Research carried out by Siakas, from the University of Macedonia, confirms that not only the Greek public, but also Greek journalists, have a low opinion of the profession.
When a sample of Greek journalists were asked whether they thought their colleagues’ journalistic work was “commendable,” 58% somewhat or strongly disagreed. Nearly two-thirds of journalists surveyed said their superiors misrepresented their work at least some of the time.
At the same time, 80% of journalists surveyed said they self-censor at least some of the time. And more than 90 percent of journalists said Greek media were too dependent on the government or political parties, essentially putting them in tune with the general public’s opinion.
A torrent of disinformation has flowed into this void, say Greek journalists.
Alexis Papahelas, editor-in-chief of Kathimerini, a prestigious Athens newspaper, said disinformation is “a big problem.” Conspiracy theories, particularly regarding coronavirus vaccines, were extremely widespread. There are specialized media in this area and, unfortunately, traditional media or civil society react very little.”
Spyridoula Markou, a journalist for the fact-checking site Ellinika-Hoaxes, said that even social media posts regarding QAnon – which appears to be a uniquely American phenomenon centered on Donald Trump and his supposed enemies – have become popular in Greece, alongside debunked claims that former first lady Michelle Obama is a man. Long-standing tensions between Greece and Turkey have also accelerated misinformation online, she said.
“It has become easy to promote messages like this here in Greece,” Markou said.
Until now, traditional media outlets have not invested in fact-checking efforts consistently. Yet a variety of new outlets have flourished here, including partnerships between journalists, academics and non-governmental organizations.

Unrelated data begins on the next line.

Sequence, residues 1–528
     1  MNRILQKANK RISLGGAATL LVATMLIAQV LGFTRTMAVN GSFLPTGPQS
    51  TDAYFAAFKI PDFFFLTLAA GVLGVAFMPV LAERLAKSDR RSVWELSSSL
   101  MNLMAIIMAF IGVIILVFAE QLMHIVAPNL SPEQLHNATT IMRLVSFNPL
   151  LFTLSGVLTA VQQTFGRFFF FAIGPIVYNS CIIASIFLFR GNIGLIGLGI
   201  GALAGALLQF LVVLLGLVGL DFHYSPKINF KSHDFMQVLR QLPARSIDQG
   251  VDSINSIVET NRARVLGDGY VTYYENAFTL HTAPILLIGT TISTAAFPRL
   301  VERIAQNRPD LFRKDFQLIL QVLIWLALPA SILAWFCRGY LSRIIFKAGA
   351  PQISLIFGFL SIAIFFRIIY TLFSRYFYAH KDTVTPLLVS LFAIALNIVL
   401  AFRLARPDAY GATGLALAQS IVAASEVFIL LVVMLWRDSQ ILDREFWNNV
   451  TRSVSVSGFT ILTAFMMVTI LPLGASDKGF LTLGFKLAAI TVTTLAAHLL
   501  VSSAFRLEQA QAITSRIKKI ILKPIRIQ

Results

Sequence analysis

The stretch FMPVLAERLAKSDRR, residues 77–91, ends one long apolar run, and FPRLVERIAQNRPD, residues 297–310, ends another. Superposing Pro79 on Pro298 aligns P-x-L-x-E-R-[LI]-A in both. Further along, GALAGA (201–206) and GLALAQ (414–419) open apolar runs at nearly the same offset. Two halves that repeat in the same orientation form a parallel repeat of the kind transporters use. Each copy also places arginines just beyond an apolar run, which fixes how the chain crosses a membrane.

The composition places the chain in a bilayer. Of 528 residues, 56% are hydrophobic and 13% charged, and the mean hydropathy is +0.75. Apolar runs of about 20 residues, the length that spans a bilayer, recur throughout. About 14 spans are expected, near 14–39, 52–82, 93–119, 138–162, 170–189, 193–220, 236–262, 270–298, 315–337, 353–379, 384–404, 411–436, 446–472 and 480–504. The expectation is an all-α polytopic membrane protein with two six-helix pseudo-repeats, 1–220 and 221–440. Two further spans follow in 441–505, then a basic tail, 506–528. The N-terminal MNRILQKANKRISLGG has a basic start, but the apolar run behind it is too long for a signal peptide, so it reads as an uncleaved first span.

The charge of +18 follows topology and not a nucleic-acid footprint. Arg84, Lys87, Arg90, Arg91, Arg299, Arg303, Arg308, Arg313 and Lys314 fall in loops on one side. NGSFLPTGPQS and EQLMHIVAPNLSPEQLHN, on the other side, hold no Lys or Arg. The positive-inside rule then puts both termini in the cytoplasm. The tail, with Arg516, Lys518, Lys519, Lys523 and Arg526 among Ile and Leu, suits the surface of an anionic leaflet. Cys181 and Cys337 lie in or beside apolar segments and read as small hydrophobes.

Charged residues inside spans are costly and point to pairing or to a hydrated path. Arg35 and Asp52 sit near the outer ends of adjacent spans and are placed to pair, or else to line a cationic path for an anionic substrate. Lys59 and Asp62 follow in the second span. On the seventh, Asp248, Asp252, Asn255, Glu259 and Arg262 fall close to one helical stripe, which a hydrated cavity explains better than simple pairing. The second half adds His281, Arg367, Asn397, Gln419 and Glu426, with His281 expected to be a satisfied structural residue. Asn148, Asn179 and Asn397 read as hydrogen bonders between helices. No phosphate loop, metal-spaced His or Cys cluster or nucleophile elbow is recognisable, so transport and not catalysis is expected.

One is Check4Facts.grwhich was commissioned in June 2022. Several groups collaborated on the project, including the National Center for Social Research, the National and Kapodistrian University of Athens and the Athena Research Institute, with funding from the Hellenic Foundation for research and innovation.
The site began by fact-checking claims on two topics, immigration and crime, which have been major problems in Greece for several years following an influx of refugees from the Middle East. In the coming months, the site plans to add coverage on health and climate change. Made up of a mix of journalists and academic researchers, the site characterizes the claims as “accurate,” “relatively accurate,” “relatively inaccurate,” “inexact” and “unverifiable.”
Ellinika-Hoaxes is part of the International Fact-Checking Network and is a partner of Meta’s Facebook Fact-Checking Program. (PolitiFact also partners with the company’s independent fact-checking program.) With seven fact-checkers and a half-dozen other employees, Ellinika-Hoaxes publishes about 40 to 50 fact-checks per month.
A third site should be launched in the coming months, ahead of the presidential election in June 2023: Politikometro.gr, which translates as “political counter”. The site aims to enforce campaign promise counters developed by PolitiFact to the Greek government.
Three Athens-based journalists – Achilleas Karadimitriou, Vicky Gerasimou and Vagelis Georgiou – rushed to analyze 443 promises made by the current government as “implemented”, “partially implemented”, “ongoing”, “ pending” or “cancelled”. »
“In Greece it is very easy to say that the government makes promises but does not implement them, but this complaint has been expressed vaguely,” Karadimitriou said. “Through this project, we hope to clarify this vagueness.”
Such efforts give hope to iMEdD’s Bousdoukou, whose organization aims to create a collaborative community of Greek journalists, focused on training and sharing best practices.
“We have new initiatives in Greece from non-profit organizations, and this at least gives me, as a citizen and a journalist, hope for our future,” she said.